When There’s Too Much In The Collection Plate
“And so the people were restrained from bringing more, because what they already had was more than enough to do all the work.” (Exodus 36:6-7, NIV)
Here’s a silly question: Is there ever such a thing as too much giving? When it comes to generosity, is the sky always the limit?
I once served as pastor at a church that took a Thanksgiving Day collection for an inner-city mission. The goal was to put a chicken in each food basket the mission gave away to the community.
Yes, it was fun saying, “Let’s put a chicken in every basket!” But the real joy came from watching givers, both young and old, work together to surpass the previous year’s giving total. Each year, the result was always the same — two or three chickens went in every basket, instead of just one!
So, what exactly is the problem here? By nearly any standard, three chickens in a basket is better than one. How is “too much giving” ever a problem, especially in the shadow of nagging need?
Any satisfying answer requires a shift in the giving’s objective. Obviously, if the end goal of giving is always the gift, then there’s never such a thing as too much. But when giving is viewed as a means for connecting, then yes, there are scenarios when too much can be collected.
Believe it or not, most of our giving is framed with this lens. That gift card you gave to your postal carrier at Christmas wasn’t intended as compensation. Instead, it was a way to acknowledge and appreciate the person who provides you daily mail service — rain, sleet or snow.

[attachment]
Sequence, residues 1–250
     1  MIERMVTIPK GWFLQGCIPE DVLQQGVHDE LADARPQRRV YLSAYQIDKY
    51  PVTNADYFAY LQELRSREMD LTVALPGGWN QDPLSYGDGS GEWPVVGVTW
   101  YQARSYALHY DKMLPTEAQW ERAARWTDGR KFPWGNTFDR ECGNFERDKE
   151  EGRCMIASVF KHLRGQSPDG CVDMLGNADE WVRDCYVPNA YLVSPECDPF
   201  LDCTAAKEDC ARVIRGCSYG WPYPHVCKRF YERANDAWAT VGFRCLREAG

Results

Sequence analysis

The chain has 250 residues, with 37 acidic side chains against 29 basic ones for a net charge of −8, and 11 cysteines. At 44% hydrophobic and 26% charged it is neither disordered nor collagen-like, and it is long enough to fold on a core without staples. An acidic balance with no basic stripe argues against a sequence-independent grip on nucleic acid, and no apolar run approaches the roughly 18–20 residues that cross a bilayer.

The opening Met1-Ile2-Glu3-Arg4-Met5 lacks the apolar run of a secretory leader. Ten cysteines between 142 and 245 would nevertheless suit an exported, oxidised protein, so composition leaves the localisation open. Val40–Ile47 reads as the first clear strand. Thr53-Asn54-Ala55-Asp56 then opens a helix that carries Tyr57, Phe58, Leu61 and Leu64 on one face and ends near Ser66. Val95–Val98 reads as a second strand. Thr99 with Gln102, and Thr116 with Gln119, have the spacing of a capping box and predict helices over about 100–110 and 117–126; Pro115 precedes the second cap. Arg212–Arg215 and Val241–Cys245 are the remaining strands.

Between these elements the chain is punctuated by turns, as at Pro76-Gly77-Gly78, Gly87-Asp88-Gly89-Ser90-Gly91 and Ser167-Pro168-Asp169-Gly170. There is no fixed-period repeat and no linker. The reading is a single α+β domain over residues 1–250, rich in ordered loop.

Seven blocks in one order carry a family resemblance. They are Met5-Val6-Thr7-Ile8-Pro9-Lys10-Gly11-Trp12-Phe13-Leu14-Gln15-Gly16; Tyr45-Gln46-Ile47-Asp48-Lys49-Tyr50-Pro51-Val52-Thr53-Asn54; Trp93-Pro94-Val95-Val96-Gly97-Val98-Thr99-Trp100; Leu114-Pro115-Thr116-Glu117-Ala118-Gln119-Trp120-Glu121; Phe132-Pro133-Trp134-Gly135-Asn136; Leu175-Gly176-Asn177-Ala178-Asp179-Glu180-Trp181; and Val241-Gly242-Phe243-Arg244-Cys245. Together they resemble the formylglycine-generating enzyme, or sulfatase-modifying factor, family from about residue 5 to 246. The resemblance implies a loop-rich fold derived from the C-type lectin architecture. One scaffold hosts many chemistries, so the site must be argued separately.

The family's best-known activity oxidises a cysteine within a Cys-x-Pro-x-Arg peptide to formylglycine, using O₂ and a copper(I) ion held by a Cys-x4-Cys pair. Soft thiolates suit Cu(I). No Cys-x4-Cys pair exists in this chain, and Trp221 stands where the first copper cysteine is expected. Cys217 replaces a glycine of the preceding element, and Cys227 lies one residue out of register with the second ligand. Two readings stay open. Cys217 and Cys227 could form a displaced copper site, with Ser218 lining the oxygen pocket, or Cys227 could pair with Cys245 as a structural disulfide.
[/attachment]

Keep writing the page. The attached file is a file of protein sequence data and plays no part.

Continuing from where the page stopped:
It’s about relationship.
Put your church’s budget in these terms. It’s a collection of gifts made to ministry, but at the end of each gift stands a giver. Each gift is an expression of a person’s relationship to God and His people. Miss this fundamental truth, and their gift gets reduced to nothing more than digits on a line item.
Leaders must flip the narrative. Moses felt this pressure point in the wilderness while the Israelites gave gifts to construct the tabernacle. The finest goods people had to give — from fine wool, to gold and precious stones — were piling up in ridiculous amounts.
Moses raised the stop sign and declared enough was enough: “And so the people were restrained from bringing more, because what they already had was more than enough to do all the work.” (Exodus 36:6-7, NIV)
Having clarity on the purpose of giving is the only way a decision to stop giving gets made. Moses understood this. A spiritual community was being assembled there in the wilderness, and giving for the tabernacle was merely a way to cement the people together in worship and service.
This nearly forgotten scene from over 3,000 years ago raises a basic, but critical, question about the goal for any giving: What’s it for?
If there isn’t an answer, then gifts to your church are merely being thrown onto the “ministry-just-because” pile.
But a clear answer allows leaders to see the worshiper on the other side of each gift. And when there’s enough collected, it even makes it possible to say, “Enough. There’s too much!”